ONE: Japanese companies invest heavily in research and development.
Jesper Koll, former head of Japan equity research at JP Morgan and head of WisdomTree Japan, likes to point out that even during the depressed 1990s corporate Japan invested the equivalent of 3.4% of GDP in investment. (In Japan 80% of R&D is conducted in the private sector. By contrast in the U.S. around half of R&D is military/government-related.) That heavy spend produced new technologies like Toyota’s hybrid cars and Toray’s carbon fiber—as well as Fujifilm’s ability to make anti-aging creams or optical films for LCD displays.
TWO: Japanese invest heavily in educating all their employees.
Japanese firms like to hire people based on personality and potential, rather than their being pre-equipped with the perfect professional qualifications/experience for the job. The companies then spend time and money educating these people internally. This has a double benefit: it makes employees more loyal and helps create a genuine “learning organization,” able to change as radically as Fujifilm and Sumitomo did.
As the founder of a business school, I know about this difference first-hand. At my school, the MBA course accounts for between one-quarter and one-third of revenues, just as at Harvard or any other U.S. business school. It’s in the rest of the business, where our model and the American model diverge.
My school generates the bulk of its turnover from delivering in-house educational programs tailored to specific company needs. These programs are taught two days a month over ten months to groups of 30 managers. Only after everyone has benefited from the program, are a few members of the group selected for the CEO and general manager positions. This democratic approach fosters a sense of inclusion and helps spread a high level of skill and knowledge widely in the firm.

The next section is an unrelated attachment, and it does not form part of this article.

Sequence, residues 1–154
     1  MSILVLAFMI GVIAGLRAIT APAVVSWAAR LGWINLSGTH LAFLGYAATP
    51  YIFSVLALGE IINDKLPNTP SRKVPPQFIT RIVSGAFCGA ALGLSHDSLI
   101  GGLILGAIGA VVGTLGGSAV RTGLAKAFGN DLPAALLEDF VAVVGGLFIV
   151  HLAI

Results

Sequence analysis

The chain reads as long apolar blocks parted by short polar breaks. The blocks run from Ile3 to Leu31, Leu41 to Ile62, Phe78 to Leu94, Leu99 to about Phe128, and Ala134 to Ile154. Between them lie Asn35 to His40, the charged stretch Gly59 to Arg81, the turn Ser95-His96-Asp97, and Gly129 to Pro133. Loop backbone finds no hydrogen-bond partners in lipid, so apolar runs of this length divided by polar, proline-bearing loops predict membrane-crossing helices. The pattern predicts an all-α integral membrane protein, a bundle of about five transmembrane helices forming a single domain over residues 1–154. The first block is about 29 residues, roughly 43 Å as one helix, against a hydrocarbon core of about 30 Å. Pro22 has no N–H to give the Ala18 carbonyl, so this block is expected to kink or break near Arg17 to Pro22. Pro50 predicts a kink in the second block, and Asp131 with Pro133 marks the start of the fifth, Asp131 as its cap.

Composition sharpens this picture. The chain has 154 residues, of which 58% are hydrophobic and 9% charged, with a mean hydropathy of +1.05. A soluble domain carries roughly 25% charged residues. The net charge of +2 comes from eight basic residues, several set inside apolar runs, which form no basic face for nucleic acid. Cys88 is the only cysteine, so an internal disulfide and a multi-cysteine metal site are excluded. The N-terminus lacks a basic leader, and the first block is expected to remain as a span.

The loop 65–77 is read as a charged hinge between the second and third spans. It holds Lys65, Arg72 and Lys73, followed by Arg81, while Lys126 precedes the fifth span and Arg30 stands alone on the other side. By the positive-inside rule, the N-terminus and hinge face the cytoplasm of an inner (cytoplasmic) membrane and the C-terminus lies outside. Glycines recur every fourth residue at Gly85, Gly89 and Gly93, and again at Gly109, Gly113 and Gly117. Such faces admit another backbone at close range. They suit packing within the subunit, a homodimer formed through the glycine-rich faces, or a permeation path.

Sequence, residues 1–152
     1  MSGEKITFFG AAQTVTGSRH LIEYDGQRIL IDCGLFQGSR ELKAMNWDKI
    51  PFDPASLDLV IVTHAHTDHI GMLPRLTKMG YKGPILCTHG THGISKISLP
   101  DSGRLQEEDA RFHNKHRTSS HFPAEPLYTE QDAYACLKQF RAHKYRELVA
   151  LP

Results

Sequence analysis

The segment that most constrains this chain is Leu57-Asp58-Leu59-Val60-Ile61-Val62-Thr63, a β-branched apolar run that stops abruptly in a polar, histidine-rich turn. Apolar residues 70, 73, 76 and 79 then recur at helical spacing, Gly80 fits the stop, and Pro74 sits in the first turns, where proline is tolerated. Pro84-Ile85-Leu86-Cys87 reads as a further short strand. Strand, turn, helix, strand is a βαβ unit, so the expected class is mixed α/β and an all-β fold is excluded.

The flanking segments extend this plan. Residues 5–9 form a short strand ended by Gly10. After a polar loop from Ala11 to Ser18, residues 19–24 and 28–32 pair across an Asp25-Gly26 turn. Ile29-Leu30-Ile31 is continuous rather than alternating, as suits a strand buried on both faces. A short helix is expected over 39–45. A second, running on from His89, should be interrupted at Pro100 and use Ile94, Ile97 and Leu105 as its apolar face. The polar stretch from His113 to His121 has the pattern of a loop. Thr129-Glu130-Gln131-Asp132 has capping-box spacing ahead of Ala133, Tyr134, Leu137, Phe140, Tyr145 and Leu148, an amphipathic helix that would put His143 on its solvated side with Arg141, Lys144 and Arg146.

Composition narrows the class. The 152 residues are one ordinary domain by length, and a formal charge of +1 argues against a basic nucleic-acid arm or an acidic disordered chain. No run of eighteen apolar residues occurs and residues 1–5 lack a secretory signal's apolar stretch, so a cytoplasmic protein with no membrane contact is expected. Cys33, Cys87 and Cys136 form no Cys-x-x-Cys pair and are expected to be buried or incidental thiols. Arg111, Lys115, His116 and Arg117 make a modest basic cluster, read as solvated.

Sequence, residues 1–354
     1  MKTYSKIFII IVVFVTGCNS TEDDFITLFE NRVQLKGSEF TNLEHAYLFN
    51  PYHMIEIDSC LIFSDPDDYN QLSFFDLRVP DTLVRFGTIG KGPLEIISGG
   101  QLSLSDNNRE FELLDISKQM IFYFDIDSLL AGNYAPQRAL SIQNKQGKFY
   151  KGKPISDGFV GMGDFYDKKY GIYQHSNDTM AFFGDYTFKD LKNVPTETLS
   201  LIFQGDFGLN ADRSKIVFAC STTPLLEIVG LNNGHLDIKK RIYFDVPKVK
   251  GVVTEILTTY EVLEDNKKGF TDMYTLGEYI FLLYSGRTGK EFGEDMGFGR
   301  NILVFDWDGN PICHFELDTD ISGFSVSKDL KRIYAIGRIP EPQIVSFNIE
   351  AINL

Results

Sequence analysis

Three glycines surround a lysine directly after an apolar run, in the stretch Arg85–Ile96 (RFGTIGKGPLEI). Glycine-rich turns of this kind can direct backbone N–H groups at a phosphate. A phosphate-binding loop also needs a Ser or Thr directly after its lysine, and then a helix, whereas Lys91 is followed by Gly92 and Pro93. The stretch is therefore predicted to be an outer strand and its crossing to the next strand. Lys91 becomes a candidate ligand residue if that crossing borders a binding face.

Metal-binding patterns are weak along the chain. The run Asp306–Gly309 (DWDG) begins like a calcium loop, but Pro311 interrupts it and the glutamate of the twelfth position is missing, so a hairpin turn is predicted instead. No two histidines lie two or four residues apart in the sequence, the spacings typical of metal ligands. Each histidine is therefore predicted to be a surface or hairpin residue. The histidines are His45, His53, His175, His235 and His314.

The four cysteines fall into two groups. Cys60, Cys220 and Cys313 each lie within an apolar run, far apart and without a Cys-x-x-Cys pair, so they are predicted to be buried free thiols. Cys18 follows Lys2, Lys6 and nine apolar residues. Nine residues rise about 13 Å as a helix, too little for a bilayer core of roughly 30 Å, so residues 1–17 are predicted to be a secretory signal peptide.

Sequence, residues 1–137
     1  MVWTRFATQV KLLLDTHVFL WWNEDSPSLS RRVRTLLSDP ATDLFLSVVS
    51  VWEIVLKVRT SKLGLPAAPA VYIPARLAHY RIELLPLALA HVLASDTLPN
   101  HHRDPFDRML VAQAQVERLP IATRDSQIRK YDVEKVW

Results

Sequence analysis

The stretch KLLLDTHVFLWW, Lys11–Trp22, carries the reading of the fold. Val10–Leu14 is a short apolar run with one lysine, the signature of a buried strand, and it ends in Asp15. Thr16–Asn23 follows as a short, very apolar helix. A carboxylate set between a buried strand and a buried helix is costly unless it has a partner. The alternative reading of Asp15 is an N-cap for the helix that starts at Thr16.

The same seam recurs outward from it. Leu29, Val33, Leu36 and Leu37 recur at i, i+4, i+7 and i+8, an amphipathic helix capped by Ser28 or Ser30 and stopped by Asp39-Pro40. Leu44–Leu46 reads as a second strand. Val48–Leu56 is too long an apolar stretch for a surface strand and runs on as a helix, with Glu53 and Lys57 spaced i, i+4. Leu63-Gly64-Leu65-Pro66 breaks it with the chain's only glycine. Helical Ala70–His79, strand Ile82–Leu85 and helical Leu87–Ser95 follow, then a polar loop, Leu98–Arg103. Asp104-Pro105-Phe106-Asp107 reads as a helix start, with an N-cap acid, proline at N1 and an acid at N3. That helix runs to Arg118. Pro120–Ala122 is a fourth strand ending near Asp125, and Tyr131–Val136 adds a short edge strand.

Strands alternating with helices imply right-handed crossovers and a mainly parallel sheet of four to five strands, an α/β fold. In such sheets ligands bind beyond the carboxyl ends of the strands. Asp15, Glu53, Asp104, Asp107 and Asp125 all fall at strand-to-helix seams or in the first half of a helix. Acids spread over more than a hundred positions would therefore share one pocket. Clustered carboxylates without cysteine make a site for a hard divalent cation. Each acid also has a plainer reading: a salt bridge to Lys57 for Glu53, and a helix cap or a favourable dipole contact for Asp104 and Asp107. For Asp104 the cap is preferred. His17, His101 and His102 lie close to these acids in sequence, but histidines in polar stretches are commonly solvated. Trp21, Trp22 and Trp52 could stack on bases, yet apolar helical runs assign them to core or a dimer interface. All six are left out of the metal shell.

American companies, by contrast, tend to preselect a few stars for promotion to the upper echelons of management and send them—and them only—off to business school for intensive management courses. (These so-called “executive open courses” account for the bulk of non-MBA revenues at American business schools.)
I am not going to argue that one approach or the other is better. As I said at the start, these are two quite different economic models.
In the U.S., R&D and education are generally handled externally. As a consequence, older firms can have trouble with radical self-transformation. New companies, however, always spring up to replace them and do the things they can’t do.
In Japan, R&D and education tend to be handled internally. That means that old companies, despite appearing monolithic and slow, can often be nimble, flexible and capable of change.
(At the same time, I do wish we had more venture businesses in Japan!)
Have you ever been part of a genuine learning organization that could evolve organically in response to changing market conditions? Or what about the opposite—have you belonged to a fossilized organization incapable of change?